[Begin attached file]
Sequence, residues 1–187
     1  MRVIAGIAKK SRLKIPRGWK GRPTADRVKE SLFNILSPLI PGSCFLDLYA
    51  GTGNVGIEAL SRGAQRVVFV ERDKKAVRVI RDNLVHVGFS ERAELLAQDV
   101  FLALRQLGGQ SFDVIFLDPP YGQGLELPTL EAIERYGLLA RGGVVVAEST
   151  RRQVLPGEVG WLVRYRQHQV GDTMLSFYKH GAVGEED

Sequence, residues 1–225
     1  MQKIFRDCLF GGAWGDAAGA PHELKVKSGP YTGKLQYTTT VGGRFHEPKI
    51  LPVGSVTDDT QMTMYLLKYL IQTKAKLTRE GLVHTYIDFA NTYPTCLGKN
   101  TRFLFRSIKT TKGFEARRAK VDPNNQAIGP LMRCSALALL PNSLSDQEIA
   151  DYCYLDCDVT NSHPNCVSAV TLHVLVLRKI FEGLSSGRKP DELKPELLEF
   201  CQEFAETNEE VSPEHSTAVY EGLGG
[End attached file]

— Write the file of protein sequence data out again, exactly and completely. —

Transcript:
Sequence, residues 1–187
     1  MRVIAGIAKK SRLKIPRGWK GRPTADRVKE SLFNILSPLI PGSCFLDLYA
    51  GTGNVGIEAL SRGAQRVVFV ERDKKAVRVI RDNLVHVGFS ERAELLAQDV
   101  FLALRQLGGQ SFDVIFLDPP YGQGLELPTL EAIERYGLLA RGGVVVAEST
   151  RRQVLPGEVG WLVRYRQHQV GDTMLSFYKH GAVGEED

Sequence, residues 1–225
     1  MQKIFRDCLF GGAWGDAAGA PHELKVKSGP YTGKLQYTTT VGGRFHEPKI
    51  LPVGSVTDDT QMTMYLLKYL IQTKAKLTRE GLVHTYIDFA NTYPTCLGKN
   101  TRFLFRSIKT TKGFEARRAK VDPNNQAIGP LMRCSALALL PNSLSDQEIA
   151  DYCYLDCDVT NSHPNCVSAV TLHVLVLRKI FEGLSSGRKP DELKPELLEF
   201  CQEFAETNEE VSPEHSTAVY EGLGG